So, this little adventure came to us via the 75th anniversary edition of the Joy of Cooking – the Mongolian Hot Pot recipe. Just to be clear, I own neither a hot pot, nor a fondue pot, nor an electric skillet as recommended by the recipe. My thinking when marking this one out to copy was something along the lines of “Oh, Mongolian, I don’t have anything from that cuisine yet!” I would just like to note, that the Joy of Cooking, as venerable and useful and generally amazing as it is, is probably not the best place to dip a toe into a non-American cuisine’s waters. It’s too broad and basic skills level a cookbook to really be the best place to find exemplars of a cuisine.

But I copied it out anyway. Back on 10th August this year. Which is pretty good for me – it only sat in my blue binder for four months. Part of that is that this one is really a dinner party recipe, to have a whole bunch of friends sitting around the pot, cooking their bites of meat/tofu/vegetables and talking. BUT, I have to test it out first, right? Shouldn’t spring un-tested recipes on friends as the main entree, right?

So, the recipe calls for getting your broth boiling on the stove and then keeping it hot on the table in a hot pot, fondue port, or electric skillet. You know, something you can keep putting heat into in a regulated way. So a slow cooker should be able to pinch hit, right? Well, apparently not if you only just get the broth to boiling (needed more thermal inertia) and keep the slow cooker on low. The meat … cooked … as we dunked it. Just, not enough that we were really comfortable that the risk of food poisoning was low enough. So, Adam grabbed the beef slices, a little of the sauce, some of the broth, a bag of frozen veggies from the freezer, and stir-fried them all together. He also dumped the rice noodles that are supposed to soak in hot water near the end of the meal, get drained, and then sop up the remnants of the sauce and broth into the slow cooker of broth. And there-in we learned that the generic branded rice noodles available at Wegmans are not so great and in the future, we will be making a pilgrimage to a local Asian food store. If they give us permission, we’ll see about getting some pictures too. The Wegmans available rice noodles were just really, really, really bland. Even for rice noodles.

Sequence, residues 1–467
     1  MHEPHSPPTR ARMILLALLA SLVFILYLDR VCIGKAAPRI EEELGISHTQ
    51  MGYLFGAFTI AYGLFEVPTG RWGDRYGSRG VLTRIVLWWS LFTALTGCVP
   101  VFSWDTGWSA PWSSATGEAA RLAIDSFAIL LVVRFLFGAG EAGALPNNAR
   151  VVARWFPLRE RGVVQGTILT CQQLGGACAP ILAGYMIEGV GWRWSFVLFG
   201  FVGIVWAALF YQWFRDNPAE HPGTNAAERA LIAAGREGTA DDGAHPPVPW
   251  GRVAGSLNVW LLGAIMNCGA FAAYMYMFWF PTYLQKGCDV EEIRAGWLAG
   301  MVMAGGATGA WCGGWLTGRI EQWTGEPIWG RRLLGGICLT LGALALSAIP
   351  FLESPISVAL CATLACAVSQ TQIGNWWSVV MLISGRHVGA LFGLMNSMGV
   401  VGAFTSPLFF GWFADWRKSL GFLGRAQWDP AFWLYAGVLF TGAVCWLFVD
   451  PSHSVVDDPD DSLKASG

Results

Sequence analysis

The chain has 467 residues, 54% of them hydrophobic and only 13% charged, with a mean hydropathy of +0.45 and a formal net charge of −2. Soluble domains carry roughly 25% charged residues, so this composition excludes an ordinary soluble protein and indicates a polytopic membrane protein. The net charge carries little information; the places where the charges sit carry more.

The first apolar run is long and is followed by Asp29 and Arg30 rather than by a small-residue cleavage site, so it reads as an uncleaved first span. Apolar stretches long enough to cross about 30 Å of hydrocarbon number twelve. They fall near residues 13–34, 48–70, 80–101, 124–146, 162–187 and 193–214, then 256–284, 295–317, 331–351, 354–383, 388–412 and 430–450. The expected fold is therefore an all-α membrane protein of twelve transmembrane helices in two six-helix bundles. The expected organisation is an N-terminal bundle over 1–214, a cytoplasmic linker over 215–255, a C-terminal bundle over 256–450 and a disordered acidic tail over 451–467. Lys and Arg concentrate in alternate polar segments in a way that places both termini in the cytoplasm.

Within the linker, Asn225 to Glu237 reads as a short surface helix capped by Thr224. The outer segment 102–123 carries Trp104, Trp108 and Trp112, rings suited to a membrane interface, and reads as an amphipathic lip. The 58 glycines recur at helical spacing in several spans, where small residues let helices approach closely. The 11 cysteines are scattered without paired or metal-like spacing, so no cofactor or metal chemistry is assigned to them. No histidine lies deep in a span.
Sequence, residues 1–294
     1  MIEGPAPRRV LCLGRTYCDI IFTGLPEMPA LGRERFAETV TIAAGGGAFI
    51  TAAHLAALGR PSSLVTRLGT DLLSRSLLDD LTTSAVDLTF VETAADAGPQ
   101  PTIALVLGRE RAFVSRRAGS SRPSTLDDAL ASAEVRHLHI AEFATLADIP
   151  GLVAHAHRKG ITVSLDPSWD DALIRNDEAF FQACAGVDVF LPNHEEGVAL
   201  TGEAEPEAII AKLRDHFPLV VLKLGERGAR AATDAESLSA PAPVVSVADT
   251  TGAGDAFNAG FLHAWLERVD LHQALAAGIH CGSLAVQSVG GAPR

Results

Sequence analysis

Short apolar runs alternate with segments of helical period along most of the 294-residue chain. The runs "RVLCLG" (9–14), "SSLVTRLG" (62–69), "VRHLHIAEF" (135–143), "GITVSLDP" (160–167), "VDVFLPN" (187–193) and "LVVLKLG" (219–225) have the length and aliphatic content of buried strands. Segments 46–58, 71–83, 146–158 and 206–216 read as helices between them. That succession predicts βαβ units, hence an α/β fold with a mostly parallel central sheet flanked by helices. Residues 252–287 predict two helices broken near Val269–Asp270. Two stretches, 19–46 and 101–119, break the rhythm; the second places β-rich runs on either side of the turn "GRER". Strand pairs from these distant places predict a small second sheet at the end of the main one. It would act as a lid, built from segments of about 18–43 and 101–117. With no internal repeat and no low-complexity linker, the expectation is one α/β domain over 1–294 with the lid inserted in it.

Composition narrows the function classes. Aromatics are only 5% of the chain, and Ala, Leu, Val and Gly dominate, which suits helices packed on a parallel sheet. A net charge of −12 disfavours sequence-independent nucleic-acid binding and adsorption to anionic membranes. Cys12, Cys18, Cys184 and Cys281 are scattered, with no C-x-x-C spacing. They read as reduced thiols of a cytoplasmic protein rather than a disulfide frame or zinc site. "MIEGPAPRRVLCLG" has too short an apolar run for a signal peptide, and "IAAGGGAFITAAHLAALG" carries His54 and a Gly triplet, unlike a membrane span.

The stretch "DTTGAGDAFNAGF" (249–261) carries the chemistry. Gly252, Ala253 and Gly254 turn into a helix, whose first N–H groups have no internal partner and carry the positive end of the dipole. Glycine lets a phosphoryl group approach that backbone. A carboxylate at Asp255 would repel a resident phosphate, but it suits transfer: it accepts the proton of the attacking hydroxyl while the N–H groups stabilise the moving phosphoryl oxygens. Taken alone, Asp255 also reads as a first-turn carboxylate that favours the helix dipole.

By the way, the sauce from this is awesome. Totally usable in more recipes.

Mongolian Hot Pot (ish)

Recipe count: 36 left
Section count: Entrees, beef: 0 left (I’m free! I’m free!)
Adapted from the Joy of Cooking
Serves 6

  • 1/2 cup rice vinegar
  • 1/4 cup honey
  • 1/2 cup soy sauce
  • 5 tbsp red miso
  • 1/4 cup toasted fiery sesame oil
  • 1 tbsp minced peeled fresh ginger
  • 3 garlic cloves, chopped
  • 3 scallions, chopped
  • chopped chives
  • 1 lb beef top round, sliced very thinly
  • 1 bag of frozen vegetables, your choice
  • 1/2 head Napa cabbage
  • 14 oz (i.e. 1 package) extra firm tofu
  • 8 oz spinach, trimmed, washed & dried
  • 32 oz carton of beef broth
  • 1 package dried rice noodles
  • 4 cups hot water
  1. In a blender, purèe the rice vinegar, honey, soy sauce, miso, sesame oil, ginger, and garlic. Pour into individual serving bowls and garnish with the scallions and chives.
    Sauce Bowl
  2. Slice the cabbage and tofu into bit-sized pieces. Arrange the cabbage, tofu, and spinach on a platter. Stir fry the beef slices and frozen vegetables in a little bit of oil, sauce, and broth, until browned and vegetables cooked through.
  3. Soak the rice noodles in enough hot water to cover for about 10 minutes; drain. Meanwhile, bring the broth to a boil. Once broth is boiling and noodles have soaked, transfer the noodles to the broth, remove from heat, and bring the broth, individual sauce bowls, and the platter to the table.

Suggested eating implements: chopsticks.


Winter Berry Pie – Who knew?

So. Dangerously Delicious Pies. Truth in advertising there. They are most dangerous – to your waist-line because you will totally want to live there with the delicious, delicious pies and to your wallet. Because, living there. And eating pie.
A few Sunday’s ago, Adam and I had lunch there with a friend, splitting a quiche slice, because that’s what we do – split meals at restaurants. And sometimes still take home a meal-sized amount of leftovers. American restaurant portions. They are the huge-ness. Anywho, this also meant we had room for dessert – whee! – and split a slice of their ‘Winter Berry Pie’ – blackberries, blueberries, and pears.